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Category - Security,Safety,Legal
Posted - 02/02/2017 04:02pm
FAA: Keep your drone far, far away from the Super Bowl

by @stshank

The government doesn't just want to avoid an errant drone falling on the crowd at the football championship. It's grounding the aircraft for miles around.

To nobody's surprise, Super Bowl 2017 is off limits to drones. But it's not just the stadium where your quadcopter will be grounded. (Tough luck if you had hopes of an aerial video of crowds swarming through the parking lot.)

The Federal Aviation Administration, which sets rules for aircraft, has barred drones for a 34.5-mile radius around NRG Stadium in Houston, the agency said Wednesday. Breaking the rules could land you in jail for up to a year and $100,000 poorer if fined.

Most folks who got a drone for kicks over the holidays won't be too perturbed, but drones are are big in business now, too. They offer an eye in the sky for lots of photo and video needs, including real estate agents selling property, builders monitoring construction products and oil companies checking their refineries. If you might be affected, the FAA's B4UFLY app offers details about where drones are and aren't allowed.

A circular area of more than 3,700 square miles is pretty hard to police, but local law enforcement officials are aware of the ban, and NORAD -- the North American Aerospace Defense command -- is enforcing the ban, FAA spokeswoman Laura J. Brown said. Yes, those are the same folks who intercept unauthorized fighter jets and keep an eye out for nuclear missile attacks.

The temporary flight restrictions, which also prohibit some more conventional aircraft, are in effect 4 p.m. to 11:59 p.m. local time on Sunday, Feb. 5.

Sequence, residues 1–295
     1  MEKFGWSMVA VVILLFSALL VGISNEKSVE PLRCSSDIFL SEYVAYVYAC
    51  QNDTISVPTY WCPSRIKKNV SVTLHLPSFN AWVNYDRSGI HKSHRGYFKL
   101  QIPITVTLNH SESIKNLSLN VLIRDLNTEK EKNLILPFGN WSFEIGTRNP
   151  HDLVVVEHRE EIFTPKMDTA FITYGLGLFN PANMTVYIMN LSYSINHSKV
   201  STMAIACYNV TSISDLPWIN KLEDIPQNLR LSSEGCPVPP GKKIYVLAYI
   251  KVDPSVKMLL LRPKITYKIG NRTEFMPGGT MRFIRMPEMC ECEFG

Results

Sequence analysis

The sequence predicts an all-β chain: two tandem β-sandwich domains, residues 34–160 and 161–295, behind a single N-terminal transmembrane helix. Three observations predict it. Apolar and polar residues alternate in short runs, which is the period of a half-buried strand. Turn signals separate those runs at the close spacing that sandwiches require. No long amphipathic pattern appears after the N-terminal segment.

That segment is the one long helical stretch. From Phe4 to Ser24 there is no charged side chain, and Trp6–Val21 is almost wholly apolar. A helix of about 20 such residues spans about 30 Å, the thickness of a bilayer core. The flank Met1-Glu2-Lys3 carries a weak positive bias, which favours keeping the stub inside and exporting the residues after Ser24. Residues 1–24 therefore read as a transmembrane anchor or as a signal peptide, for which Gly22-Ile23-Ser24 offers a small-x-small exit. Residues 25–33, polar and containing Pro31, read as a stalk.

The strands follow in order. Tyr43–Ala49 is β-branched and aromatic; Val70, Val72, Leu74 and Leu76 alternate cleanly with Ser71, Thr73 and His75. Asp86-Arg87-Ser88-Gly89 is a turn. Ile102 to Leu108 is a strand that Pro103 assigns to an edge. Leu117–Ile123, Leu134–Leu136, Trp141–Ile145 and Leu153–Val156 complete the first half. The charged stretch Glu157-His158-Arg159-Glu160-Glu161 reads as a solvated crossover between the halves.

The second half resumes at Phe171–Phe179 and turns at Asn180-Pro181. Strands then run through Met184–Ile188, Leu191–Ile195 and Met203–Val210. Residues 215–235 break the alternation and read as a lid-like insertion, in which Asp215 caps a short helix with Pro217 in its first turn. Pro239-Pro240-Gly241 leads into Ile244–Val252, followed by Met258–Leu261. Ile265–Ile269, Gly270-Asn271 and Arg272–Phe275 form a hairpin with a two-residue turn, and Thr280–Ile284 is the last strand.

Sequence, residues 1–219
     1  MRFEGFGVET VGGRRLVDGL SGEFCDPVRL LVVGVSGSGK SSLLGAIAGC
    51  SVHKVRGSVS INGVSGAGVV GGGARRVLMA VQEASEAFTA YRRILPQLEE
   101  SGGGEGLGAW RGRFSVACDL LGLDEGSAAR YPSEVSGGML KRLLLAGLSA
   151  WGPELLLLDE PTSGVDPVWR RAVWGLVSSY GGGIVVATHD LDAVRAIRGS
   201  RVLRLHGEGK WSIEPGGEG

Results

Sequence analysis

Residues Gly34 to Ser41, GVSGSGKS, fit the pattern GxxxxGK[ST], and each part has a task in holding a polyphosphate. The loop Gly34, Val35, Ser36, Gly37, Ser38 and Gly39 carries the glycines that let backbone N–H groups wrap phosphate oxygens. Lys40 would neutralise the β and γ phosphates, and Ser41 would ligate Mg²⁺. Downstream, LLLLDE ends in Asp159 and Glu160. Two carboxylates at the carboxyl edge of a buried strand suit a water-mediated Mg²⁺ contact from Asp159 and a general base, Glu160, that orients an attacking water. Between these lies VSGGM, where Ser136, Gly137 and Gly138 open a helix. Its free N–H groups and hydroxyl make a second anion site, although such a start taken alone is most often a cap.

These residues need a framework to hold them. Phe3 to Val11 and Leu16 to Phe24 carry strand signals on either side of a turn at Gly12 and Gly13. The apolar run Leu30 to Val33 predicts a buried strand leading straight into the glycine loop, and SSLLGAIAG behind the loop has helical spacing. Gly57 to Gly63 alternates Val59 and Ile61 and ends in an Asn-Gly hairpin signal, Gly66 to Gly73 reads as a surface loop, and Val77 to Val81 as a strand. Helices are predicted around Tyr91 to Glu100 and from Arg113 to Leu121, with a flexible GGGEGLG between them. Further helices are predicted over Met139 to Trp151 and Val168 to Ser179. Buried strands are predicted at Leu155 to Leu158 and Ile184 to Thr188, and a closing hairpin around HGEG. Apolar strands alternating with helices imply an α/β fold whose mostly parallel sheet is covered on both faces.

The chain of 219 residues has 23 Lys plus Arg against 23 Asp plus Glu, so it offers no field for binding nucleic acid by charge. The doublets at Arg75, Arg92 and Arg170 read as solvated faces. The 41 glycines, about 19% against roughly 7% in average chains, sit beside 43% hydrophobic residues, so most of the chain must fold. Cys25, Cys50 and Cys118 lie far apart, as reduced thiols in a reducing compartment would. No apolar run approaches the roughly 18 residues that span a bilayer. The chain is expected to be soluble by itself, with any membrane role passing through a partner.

Category - Safety,Security
Posted - 01/19/2017 04:15pm
Modern warfare: Death-dealing drones and ... illegal parking?

Military drones may not be the only autonomous weapons we have to fear in the future: Hacked self-driving cars could hurt us, too

Paris Bureau Chief, IDG News Service | Jan 18, 2017 12:40 PM PT

Credit: World Economic Forum/IDG News Service

A cloud of 3D-printed drones big enough to bring down the latest U.S. stealth fighter, the F35, was just one of the combat scenarios evoked in a discussion of the future of warfare at the World Economic Forum in Davos on Wednesday.

Much of the discussion focused on the changes computers are bringing to the battlefield, including artificial intelligence and autonomous systems—but also the way the battlefield is coming to computing, with cyberwar, and social media psyops an ever more real prospect.

Former U.S. Navy fighter pilot Mary Cummings, now director of the Humans and Autonomy Lab at Duke University, delivered the first strike.

"The barrier to entry to drone technology is so low that everyone can have one, and if the Chinese go out and print a million copies of a drone, a very small drone, and put those up against an F35 and they go into the engine, you basically obviate what is a very expensive platform," she said.

Read the full text of the article here